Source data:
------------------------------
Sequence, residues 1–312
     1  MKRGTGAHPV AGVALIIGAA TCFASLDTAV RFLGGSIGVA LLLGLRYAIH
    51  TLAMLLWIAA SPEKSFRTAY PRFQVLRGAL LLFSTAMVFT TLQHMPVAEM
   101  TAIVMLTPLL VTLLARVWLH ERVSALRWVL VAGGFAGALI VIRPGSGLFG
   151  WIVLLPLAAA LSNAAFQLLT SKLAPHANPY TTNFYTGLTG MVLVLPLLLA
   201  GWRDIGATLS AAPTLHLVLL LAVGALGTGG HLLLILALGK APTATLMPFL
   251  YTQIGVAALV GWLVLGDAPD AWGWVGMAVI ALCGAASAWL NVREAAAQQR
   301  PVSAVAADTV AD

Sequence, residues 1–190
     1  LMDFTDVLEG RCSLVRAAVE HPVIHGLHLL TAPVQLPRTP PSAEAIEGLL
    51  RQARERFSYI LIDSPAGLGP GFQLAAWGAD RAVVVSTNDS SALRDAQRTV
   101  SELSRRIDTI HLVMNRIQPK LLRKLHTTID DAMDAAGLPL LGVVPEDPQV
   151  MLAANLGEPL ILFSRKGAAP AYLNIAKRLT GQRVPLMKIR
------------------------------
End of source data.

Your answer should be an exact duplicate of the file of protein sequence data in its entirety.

Sequence, residues 1–312
     1  MKRGTGAHPV AGVALIIGAA TCFASLDTAV RFLGGSIGVA LLLGLRYAIH
    51  TLAMLLWIAA SPEKSFRTAY PRFQVLRGAL LLFSTAMVFT TLQHMPVAEM
   101  TAIVMLTPLL VTLLARVWLH ERVSALRWVL VAGGFAGALI VIRPGSGLFG
   151  WIVLLPLAAA LSNAAFQLLT SKLAPHANPY TTNFYTGLTG MVLVLPLLLA
   201  GWRDIGATLS AAPTLHLVLL LAVGALGTGG HLLLILALGK APTATLMPFL
   251  YTQIGVAALV GWLVLGDAPD AWGWVGMAVI ALCGAASAWL NVREAAAQQR
   301  PVSAVAADTV AD

Sequence, residues 1–190
     1  LMDFTDVLEG RCSLVRAAVE HPVIHGLHLL TAPVQLPRTP PSAEAIEGLL
    51  RQARERFSYI LIDSPAGLGP GFQLAAWGAD RAVVVSTNDS SALRDAQRTV
   101  SELSRRIDTI HLVMNRIQPK LLRKLHTTID DAMDAAGLPL LGVVPEDPQV
   151  MLAANLGEPL ILFSRKGAAP AYLNIAKRLT GQRVPLMKIR